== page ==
The guitar is vital in keeping the song itself from spiraling out of control as it might’ve had Morris put the entire emphasis on horns, simply because with the guitar it was natural to allow space between lines – and even individual notes – for the sound to dissipate… to breathe… whereas horns tended to keep up the pace non-stop. With Tate exhibiting a lack of restraint in her past outings this was one way to slow things down.

Though it works out well in that regard the arrangement itself has no choice but to be rather modest as a result, hardly trying to show off much at all, even forgoing an instrumental break. Though this is just speculation it would appear this too is in response to who they’re working with as Morris and Tate cut this song twice, just a week apart, back in November. The first pass at it remained in the can and since usually a session will wrap only when the songs have been laid down without any outright flubs it probably means they didn’t like the overall performance and went back to tweak the instrumental arrangement to reign in their singer even more.

Speaking of which… if all of this work was put in to make the singer come off looking good, just how IS Tate on the final rendition?


If You Say That You Don’t Want Me
To spare you any unnecessary suspense, Tate manages to hold her own here but you can see her straining at the seams, ready and willing to send it over the cliff if given half a chance.

It’s a strange thing to contemplate in one sense, how somebody with a decent voice who sounds really good when sticking to a normal delivery would be so impatient to ramp things up and start… well, screeching might be too harsh a term, but you get the idea.

When she does that she’s not out of key, just out of sync with the songs themselves. It’s like driving too fast down through a residential neighborhood, just because you can doesn’t mean you should and when Tate brings too much intensity it runs the risk of throwing the meaning of the songs into disarray.

On Don’t Take Your Love Away From Me she’s on a tight leash and that’s what makes this enjoyable because despite being written by the great Jessie Mae Robinson it’s not quite as strong a composition as Tate’s big hit, certainly not musically anyway though it’s got a nice groove at times, so it’s vital that she not outrun the song in an effort to crank up her volume.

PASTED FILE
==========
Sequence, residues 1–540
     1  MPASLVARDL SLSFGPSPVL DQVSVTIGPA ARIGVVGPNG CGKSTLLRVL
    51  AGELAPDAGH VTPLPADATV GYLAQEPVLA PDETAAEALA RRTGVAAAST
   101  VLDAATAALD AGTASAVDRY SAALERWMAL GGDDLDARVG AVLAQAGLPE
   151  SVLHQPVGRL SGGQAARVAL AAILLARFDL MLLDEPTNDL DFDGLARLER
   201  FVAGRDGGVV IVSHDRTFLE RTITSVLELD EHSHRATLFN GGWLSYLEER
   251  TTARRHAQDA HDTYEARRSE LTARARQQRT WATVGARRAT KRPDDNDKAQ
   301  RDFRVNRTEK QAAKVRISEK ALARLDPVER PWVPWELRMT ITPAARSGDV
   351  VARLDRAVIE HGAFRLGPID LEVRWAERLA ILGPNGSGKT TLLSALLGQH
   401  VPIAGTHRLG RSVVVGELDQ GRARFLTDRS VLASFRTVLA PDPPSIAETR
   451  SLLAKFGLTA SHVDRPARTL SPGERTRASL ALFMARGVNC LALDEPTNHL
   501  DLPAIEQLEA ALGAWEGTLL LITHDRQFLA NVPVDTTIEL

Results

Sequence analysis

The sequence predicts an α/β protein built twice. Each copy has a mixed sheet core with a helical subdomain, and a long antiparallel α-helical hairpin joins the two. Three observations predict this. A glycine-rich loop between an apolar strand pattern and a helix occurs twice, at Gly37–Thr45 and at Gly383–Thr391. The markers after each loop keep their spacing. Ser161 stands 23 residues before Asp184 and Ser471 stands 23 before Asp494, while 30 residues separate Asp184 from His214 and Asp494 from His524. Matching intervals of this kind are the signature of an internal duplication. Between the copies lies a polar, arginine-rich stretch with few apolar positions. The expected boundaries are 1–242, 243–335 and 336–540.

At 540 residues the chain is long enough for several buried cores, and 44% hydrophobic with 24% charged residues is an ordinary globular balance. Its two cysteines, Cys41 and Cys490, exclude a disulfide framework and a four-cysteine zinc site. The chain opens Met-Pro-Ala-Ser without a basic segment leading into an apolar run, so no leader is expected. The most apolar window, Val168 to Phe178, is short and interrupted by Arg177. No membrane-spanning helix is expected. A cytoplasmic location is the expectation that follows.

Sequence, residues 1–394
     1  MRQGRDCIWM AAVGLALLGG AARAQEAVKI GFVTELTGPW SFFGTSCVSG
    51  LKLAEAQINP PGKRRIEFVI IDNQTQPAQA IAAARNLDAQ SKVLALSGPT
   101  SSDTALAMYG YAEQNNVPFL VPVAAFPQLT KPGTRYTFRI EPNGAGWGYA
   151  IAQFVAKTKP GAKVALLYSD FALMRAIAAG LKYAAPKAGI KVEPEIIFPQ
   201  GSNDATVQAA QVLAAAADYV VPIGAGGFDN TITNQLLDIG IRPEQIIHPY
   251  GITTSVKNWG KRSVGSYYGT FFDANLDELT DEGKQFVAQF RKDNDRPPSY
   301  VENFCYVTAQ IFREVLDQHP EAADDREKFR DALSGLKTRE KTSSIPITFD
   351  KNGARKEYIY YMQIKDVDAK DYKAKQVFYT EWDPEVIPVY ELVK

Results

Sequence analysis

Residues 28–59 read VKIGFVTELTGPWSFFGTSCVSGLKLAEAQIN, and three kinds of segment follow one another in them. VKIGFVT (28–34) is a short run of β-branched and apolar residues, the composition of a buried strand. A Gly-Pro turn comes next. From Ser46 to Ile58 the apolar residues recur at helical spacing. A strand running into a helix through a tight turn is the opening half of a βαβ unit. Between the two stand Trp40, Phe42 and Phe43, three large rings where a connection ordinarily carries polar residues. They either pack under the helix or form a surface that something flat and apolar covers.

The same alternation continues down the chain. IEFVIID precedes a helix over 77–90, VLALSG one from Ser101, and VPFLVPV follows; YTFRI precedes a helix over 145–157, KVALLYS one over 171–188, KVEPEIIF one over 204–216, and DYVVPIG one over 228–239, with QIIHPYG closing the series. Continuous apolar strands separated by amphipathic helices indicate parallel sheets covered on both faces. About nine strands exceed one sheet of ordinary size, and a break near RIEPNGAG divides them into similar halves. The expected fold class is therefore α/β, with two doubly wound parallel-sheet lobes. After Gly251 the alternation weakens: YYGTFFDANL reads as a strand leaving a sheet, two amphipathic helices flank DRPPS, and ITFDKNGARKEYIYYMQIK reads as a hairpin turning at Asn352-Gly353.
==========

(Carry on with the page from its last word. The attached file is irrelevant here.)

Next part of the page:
Luckily aside from the band’s efforts, the song itself has built-in stop signs along the route, such as the fact the title line goes down the scale rather than up, forcing Tate to apply the brakes when taking that turn… and not surprisingly that’s when she sounds best because it also allows her to reflect on the lyrics that finds her bemoaning a potential break-up. Granted that simple plot also gives her a bit of leeway in acting distraught too, so when she does begin to wail it’s not completely out of place for her character even if you hope she pulls back before rupturing a spleen.

In the end she may not offer us anything all that different than we got her first time out, but considering how well those worked on the whole it’s not something we’re complaining about by any means.

Don’t Say Goodbye
While judging her upside purely on the basis of technical skill Laurie Tate still has a long way to go before taking her place alongside the top female singers in rock – and unfortunately that’s still not a very deep roster.

But when it comes to connecting with audiences she’s now two for two as Don’t Take Your Love Away From Me went to #3 on the national charts making her more successful at this point than even her lablemate Ruth Brown and well… every other female in rock so far except Little Esther who of course she was brought in to emulate. So mission accomplished then.

Its success also solidified Joe Morris’s stature as a bandleader, resurrecting his career after seemingly hitting the wall just a year ago and giving him the clout to dictate his output rather than be beholden to record company whims from here on in.

More than though this was a form of validation for him, the ex-jazz sideman who ventured into rock ‘n’ roll when it was far from certain that it’d be more than a passing fancy and now, three years later, he’s one of its rising stars. Yes, it may have taken some time and was hardly without its obstacles, but then again it’s rare in life you’ll find that’s not the case for everybody who makes good.


(Visit the Artist page of Joe Morris as well as Laurie Tate for the complete archive of their respective records reviewed to date)